By now, you've probably heard the news that Jacques Martin is out in Montreal, the sixth head coach given the boot this season.
That's 20% turnover for the NHL this year, and so far the only major surprise is that Scott Arniel isn't among the names of the fallen.
I agree with LTL when he says that we've reached the point where firing the coach cannot save the season. What I think we've reached is a point where the men at the top of the food chain (JPMac, The Wolfes, the Pizzuttis) are almost certainly unsatisfied, but want to take steps to lead the team in a "rapid" change of fortunes - similar to the revival the Flyers had after their 2007 season, and the selection of James van Riemsdyk with the #2 pick, or the way the Chicago Blackhawks burst onto the scene following their assembly of young talent.
With the Jackets almost certainly locked into the lottery pick portion of that equation, the next steps must be to make sure that the proper player is selected, and the proper resources are in place to use the team's talent effectively.
Firing Scott Arniel at this point would certainly send a message that the team needs new answers at the bench, but does nothing to address the rest of the organization.
Enter Craig Patrick.
Patrick's job at this point has been reported as "evaluation", but I think the closer truth is "Auditor". It's not surprising that he started with a look at the young talent in Springfield - and I wouldn't be surprised if he makes stops on some of the players like Boone Jenner, Will Weber, or Oliver Gabriel, either. It's time to see what the team can realistically expect out of these players, especially if Patrick feels that some of the issues in the locker room can only be fixed via trades. Some will be assets to move, some to nuture, some to promote. I'd say that his judgement of the skill levels and "promise" is likely honest. He won't come out and say "we suck", but typically when you don't have a lot of talent in the pool you hear language like "hard workers", "lunchpail", "physical players", or something along the lines of "lots of heart."
Patrick's evaluation of the hockey ops, so far, is more interesting: Even though he's said he likes what he's seen "behind closed doors" and the work the group is putting in, there's no mention of anyone by name. Is Scott Howson safe? Probably, but I wouldn't be 100% percent sure. I suspect Patrick is going to give a blunt evaluation of his draft efforts, his trades, and how he approached this season before any vote of confidence is offered. (That said, I think the Letestu and Nikitin deals are likely to help his cause. Finding diamonds while being neck-deep in the privy is a handy skill to have.)
Is Scott Arniel safe?
Right now, I'd doubt it.
Consider that the highest success the team's shown of late has come when Arniel put them into a very heavy defensive system. Now think about "skill level" teams. With the exception of the Washington Capitals' attempt to employ the trap last season (which failed to produce results in the playoffs or the following season), how many "skill" teams do you see going into the trap?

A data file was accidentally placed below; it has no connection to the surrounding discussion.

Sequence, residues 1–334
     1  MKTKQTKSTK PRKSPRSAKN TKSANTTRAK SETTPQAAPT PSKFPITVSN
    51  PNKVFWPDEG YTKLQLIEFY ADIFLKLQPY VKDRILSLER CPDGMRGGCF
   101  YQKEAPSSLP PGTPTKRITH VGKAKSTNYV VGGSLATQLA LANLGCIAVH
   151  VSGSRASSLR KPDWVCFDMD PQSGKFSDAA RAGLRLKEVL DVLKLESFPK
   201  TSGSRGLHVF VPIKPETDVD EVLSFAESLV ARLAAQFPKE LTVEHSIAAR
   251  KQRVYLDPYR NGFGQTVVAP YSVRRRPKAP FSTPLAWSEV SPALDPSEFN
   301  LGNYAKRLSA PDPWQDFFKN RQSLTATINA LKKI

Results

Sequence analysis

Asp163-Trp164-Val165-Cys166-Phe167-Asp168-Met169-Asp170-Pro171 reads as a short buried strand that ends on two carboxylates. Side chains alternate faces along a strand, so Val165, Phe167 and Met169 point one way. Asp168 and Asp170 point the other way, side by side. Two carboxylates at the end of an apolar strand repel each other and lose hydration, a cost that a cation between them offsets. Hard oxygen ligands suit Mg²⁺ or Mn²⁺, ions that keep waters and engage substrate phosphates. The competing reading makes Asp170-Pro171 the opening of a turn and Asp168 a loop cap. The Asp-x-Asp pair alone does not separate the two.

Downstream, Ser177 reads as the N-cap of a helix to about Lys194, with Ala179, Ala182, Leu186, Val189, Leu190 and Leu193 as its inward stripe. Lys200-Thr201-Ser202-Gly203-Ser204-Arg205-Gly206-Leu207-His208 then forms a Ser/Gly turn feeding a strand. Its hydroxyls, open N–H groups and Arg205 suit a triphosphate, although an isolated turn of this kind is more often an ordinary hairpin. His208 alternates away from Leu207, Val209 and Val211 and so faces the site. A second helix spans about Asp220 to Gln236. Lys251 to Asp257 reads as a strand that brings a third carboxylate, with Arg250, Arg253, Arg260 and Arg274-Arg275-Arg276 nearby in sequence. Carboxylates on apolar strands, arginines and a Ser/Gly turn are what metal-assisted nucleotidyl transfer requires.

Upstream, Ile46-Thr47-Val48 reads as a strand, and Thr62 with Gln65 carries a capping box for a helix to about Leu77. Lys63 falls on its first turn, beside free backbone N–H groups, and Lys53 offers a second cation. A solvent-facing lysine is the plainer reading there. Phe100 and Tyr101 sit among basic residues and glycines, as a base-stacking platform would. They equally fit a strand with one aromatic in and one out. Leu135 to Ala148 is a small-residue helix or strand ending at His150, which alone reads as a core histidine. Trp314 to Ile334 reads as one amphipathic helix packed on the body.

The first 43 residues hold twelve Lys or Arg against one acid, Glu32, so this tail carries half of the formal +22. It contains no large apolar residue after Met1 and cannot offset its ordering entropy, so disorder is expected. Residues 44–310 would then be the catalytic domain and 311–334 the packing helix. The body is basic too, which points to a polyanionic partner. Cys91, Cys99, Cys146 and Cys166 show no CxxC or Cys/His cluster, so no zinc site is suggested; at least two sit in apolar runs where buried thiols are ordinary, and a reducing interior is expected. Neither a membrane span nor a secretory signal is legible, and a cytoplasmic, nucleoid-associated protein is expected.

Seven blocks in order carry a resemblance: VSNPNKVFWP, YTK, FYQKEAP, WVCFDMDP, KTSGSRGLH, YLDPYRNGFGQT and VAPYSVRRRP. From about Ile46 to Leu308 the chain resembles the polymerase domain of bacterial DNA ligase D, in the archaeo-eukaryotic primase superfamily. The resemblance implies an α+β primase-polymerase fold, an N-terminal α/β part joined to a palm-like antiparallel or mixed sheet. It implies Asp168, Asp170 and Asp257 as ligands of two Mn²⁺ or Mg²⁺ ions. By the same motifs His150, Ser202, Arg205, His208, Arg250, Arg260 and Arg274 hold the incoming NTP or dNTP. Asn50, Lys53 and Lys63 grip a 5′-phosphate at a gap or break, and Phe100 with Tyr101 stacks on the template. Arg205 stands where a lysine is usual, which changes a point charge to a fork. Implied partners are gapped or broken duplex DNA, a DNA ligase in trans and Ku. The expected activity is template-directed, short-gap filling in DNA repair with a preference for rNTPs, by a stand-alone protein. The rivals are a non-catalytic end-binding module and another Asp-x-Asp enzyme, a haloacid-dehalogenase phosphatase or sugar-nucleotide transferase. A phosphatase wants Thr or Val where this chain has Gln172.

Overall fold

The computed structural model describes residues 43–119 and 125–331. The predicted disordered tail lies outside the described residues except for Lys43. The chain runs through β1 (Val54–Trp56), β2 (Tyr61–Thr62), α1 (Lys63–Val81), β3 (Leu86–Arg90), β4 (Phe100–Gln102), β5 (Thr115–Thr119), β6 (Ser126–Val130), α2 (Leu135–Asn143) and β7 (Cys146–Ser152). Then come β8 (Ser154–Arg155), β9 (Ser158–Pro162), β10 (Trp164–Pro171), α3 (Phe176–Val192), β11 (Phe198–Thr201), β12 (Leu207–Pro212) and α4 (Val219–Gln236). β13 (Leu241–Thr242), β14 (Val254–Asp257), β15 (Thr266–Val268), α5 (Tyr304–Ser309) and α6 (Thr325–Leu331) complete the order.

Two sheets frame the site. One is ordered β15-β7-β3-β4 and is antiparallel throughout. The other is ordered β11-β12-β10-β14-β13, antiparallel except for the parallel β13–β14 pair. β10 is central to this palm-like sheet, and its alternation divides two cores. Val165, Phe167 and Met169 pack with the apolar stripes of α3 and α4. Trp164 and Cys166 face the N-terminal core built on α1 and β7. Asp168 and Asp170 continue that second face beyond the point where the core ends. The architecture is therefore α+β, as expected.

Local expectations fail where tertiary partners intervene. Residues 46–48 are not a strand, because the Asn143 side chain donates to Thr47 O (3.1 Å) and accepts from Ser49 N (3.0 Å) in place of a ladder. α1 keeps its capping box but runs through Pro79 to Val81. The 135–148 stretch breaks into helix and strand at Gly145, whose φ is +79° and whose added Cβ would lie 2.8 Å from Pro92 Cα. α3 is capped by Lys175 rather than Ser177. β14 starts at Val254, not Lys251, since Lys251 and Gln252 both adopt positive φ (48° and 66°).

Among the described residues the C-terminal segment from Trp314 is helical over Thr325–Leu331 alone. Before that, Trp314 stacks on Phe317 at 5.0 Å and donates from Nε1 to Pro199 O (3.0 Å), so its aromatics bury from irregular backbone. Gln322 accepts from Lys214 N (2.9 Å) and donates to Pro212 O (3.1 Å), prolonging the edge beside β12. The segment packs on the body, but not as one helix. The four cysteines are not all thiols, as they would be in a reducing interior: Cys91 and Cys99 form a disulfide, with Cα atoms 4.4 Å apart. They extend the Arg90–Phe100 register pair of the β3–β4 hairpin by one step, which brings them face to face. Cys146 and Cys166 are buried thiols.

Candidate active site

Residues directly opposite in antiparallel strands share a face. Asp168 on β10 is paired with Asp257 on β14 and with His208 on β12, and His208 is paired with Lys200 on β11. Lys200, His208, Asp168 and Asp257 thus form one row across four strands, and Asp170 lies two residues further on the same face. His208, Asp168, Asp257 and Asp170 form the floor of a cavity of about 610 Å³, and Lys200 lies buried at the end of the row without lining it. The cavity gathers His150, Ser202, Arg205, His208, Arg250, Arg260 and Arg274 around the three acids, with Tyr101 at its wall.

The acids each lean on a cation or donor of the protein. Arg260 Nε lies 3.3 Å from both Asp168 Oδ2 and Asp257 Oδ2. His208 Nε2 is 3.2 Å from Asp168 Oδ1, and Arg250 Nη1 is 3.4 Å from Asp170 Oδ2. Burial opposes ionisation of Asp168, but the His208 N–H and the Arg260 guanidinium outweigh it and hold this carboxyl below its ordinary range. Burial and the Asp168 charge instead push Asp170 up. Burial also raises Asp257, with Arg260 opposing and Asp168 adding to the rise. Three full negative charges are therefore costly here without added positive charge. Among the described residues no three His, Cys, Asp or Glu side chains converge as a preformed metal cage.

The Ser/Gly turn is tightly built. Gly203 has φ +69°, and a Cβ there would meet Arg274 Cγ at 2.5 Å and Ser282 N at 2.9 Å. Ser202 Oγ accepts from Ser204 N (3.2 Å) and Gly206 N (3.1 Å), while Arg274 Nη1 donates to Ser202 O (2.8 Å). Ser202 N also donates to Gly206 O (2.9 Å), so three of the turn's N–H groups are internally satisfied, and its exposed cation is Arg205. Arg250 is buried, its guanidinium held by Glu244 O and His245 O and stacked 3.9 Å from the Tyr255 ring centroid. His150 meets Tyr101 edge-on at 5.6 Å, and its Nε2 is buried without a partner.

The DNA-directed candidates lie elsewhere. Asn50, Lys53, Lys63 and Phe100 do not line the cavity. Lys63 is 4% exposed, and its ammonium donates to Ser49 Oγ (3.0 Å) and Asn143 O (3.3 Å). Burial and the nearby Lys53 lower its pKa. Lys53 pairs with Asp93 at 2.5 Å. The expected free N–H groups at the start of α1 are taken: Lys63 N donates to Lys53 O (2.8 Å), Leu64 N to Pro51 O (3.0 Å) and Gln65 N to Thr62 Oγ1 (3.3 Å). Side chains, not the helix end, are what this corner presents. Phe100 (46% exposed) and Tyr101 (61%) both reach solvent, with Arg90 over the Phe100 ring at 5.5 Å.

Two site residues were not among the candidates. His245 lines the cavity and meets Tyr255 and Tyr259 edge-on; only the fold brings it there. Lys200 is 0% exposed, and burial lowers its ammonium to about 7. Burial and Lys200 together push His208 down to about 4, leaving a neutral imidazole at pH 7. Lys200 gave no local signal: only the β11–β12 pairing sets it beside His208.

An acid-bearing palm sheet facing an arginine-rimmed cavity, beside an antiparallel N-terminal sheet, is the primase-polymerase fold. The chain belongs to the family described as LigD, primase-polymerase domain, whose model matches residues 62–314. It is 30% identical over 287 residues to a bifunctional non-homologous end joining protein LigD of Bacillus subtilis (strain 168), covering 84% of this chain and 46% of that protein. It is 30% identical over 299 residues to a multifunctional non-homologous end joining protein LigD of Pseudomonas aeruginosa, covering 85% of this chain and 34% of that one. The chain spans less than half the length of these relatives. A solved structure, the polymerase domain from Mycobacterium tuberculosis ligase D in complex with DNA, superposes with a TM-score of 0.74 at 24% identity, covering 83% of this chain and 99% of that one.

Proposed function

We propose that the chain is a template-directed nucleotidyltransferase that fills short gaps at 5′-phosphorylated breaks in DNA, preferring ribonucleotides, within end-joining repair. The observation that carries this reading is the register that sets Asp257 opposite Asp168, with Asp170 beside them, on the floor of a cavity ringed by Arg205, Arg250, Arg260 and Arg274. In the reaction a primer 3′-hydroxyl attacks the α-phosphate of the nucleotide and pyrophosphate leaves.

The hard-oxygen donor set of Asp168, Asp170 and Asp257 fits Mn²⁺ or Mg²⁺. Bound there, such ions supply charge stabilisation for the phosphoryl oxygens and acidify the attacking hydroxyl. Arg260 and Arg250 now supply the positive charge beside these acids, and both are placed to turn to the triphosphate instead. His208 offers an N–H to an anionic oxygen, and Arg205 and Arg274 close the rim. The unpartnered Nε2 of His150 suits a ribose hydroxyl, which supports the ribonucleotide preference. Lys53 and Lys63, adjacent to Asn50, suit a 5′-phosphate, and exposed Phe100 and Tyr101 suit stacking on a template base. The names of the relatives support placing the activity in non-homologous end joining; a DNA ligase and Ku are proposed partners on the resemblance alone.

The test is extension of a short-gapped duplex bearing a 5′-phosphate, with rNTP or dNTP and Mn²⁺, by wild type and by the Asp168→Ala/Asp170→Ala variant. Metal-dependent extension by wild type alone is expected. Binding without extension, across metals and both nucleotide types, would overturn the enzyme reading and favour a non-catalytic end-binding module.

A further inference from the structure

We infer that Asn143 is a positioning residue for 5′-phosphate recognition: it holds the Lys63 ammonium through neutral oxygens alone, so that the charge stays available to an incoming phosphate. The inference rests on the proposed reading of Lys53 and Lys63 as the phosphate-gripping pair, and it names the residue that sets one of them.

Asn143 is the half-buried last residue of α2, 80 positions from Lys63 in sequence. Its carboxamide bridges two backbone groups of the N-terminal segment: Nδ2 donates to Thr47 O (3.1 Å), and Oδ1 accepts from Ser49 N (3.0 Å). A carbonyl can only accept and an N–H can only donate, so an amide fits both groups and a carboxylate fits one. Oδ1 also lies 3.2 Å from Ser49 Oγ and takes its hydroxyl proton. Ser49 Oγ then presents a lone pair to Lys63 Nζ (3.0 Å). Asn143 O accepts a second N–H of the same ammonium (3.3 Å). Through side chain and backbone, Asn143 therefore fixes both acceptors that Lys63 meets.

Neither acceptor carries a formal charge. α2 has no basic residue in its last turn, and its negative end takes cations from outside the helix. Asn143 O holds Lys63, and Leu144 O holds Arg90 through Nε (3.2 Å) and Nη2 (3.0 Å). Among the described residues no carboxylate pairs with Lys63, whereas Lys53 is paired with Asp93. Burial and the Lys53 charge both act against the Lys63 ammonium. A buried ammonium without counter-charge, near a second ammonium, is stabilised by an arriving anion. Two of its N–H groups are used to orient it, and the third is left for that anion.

I think Scott Arniel has shown that he could be a great defensively oriented coach - but he seems to be the wrong fit for "letting the boys run", as he promised this offseason.
Don't get me wrong - I love #15. I think he's actually one of our best PKers. But watching Carter and Nash on the PK, you finally saw opposing powerplays hesitate. They feared the risks of being exposed by our talent shorthanded...and Nash and Carter both responded.
I don't think it's a coincidence that both had some of the best play we've seen when they were put out in all situations, and not "reserved" for the power play and even strength.
These guys are thoroughbreds. You don't keep a thoroughbred happy by taking him for short laps around the meadow and then back to the barn. You keep a thoroughbred happy by letting him run, and run, and run.
The more our top players see the ice, the more they've responded. Yet Arniel's remarks to the press all indicate their ice time will be brought back down.
I respect the concerns of "tiring out" Nash and Carter, especially late in games, but that rings hollow when playing your top D pairs for over 30 minutes a night, or "preserving" them late and sending out the third and fourth lines for situations where they risk being overmatched. Don't send a plug when you need a thoroughbred.
The other major question is the team's scouting and development efforts. Tyler Wright has, for the most part, been very quiet this season. One wonders what Patrick is going to say in regards to him, particularly with several promising players (Matt Calvert, David Savard, Grant Clitsome) arguably taking steps back this season.
There are far more problems than just the coach - it will be very interesting to learn what Mr. Patrick feels would be appropriate answers.